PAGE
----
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Help Me Fight for Art, Education, & Community
Long before I was a part of New York Shakespeare Exchange, William Shakespeare changed my life. I remember reading Macbeth as an isolated, existential high school student, and falling, like Alice down the hole, into a swift and devastating whorl of language and emotion. As I read the text again and again, I felt every syllable, every image, every pang of Macbeth’s panic: The personal traumas and worries that sit beneath the surface of external appearance and expectation, woven inextricably in every inch of tissue, that surge out, propelled by fear and anxiety, in the darkness; the crushing weight of impossible choices; the dissolution of greatness and love; the insecurities of masculinity. It was all so intense, so profound, so transformative.
However, my experience, much like Macbeth and Lady Macbeth’s, was internal. Like many who read or see Shakespeare, I consumed, I contemplated. But what then? What was I supposed to do with that experience? I wondered if others experienced it like I did. I know what it did to my world--but what about the rest of it? It was then that I decided to become an English teacher.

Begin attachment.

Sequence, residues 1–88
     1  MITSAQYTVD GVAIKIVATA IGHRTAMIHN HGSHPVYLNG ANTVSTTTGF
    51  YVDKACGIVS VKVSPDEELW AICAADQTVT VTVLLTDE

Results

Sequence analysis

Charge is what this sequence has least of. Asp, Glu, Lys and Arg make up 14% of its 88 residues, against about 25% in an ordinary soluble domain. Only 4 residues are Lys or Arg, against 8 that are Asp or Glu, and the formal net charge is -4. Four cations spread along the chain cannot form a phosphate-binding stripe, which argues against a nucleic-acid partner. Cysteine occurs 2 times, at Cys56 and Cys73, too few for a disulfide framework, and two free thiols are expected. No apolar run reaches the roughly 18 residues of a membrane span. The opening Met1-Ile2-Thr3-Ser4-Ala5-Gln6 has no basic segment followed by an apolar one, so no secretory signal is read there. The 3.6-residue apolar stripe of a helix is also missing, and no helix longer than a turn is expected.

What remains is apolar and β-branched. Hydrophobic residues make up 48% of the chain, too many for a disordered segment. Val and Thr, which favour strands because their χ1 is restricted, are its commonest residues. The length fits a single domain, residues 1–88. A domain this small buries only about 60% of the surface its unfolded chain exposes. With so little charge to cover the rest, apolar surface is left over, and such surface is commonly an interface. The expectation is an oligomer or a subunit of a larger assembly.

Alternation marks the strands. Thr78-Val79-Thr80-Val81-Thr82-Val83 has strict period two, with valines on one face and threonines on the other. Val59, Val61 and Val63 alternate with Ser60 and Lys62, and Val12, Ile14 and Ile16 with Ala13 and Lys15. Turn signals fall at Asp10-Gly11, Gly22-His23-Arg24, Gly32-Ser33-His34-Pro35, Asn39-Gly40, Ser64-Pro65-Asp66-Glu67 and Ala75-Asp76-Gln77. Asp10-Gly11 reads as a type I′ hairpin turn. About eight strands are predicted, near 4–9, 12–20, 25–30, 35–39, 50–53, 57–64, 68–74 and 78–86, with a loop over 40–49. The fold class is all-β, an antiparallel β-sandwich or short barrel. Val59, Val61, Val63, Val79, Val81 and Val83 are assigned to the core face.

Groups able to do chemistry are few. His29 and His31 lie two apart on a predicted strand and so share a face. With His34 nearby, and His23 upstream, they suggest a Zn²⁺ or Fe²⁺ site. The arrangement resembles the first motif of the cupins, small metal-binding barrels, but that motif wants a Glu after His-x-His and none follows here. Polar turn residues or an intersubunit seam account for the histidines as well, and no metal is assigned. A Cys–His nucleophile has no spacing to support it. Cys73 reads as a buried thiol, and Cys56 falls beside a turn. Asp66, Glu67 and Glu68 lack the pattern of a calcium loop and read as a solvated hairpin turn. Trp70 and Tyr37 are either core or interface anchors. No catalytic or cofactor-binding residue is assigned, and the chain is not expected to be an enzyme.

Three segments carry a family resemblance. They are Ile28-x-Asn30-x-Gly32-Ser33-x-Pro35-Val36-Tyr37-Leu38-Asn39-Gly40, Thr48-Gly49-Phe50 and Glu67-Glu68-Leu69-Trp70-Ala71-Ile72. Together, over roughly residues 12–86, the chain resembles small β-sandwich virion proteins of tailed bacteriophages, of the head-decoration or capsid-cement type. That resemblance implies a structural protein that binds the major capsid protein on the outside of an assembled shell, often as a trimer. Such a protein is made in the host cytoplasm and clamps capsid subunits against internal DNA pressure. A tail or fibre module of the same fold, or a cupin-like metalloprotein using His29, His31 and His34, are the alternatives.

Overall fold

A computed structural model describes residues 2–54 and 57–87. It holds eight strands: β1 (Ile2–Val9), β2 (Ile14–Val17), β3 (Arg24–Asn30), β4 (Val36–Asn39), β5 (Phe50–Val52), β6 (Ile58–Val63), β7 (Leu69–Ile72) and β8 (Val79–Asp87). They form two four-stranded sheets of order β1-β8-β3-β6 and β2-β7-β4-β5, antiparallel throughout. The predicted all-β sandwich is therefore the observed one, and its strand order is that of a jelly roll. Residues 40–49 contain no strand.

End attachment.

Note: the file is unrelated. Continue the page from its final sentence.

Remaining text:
Years later, well into my teaching career, as I continued to think of compelling and constructive ways to engage my students with Shakespeare, I found New York Shakespeare Exchange and The Sonnet Project, NYSX’s one-of-a-kind film exploration of Shakespeare’s sonnets reimagined in a contemporary setting. Immediately I shared this with my students, had them create their own, and watched as they discovered new places, made new friends, learned useful skills, and connected their world to Shakespeare’s. Suddenly they wanted not only more of Shakespeare’s world, but also more of their own--more from their own.
Now, as I have moved on from teaching, I sit on NYSX’s Board of Directors where I do all I can to bring engaging, challenging art to more people--to spark conversations, enrich communities, build bridges, and bring people together. I am so excited for where this company is going: The Sonnet Project continues to bring in films from all over the world, and expand into classrooms; INTERSECTIONS brings our work directly into local communities; the new Diversity Cohort develops and showcases unheard voices from all over. Your tax-deductible contribution, no matter how small or large, makes this happen.
I believe firmly in the power of the arts and education, just as generations of people have, and I will continue to fight for their place in this world. Will you help me fight?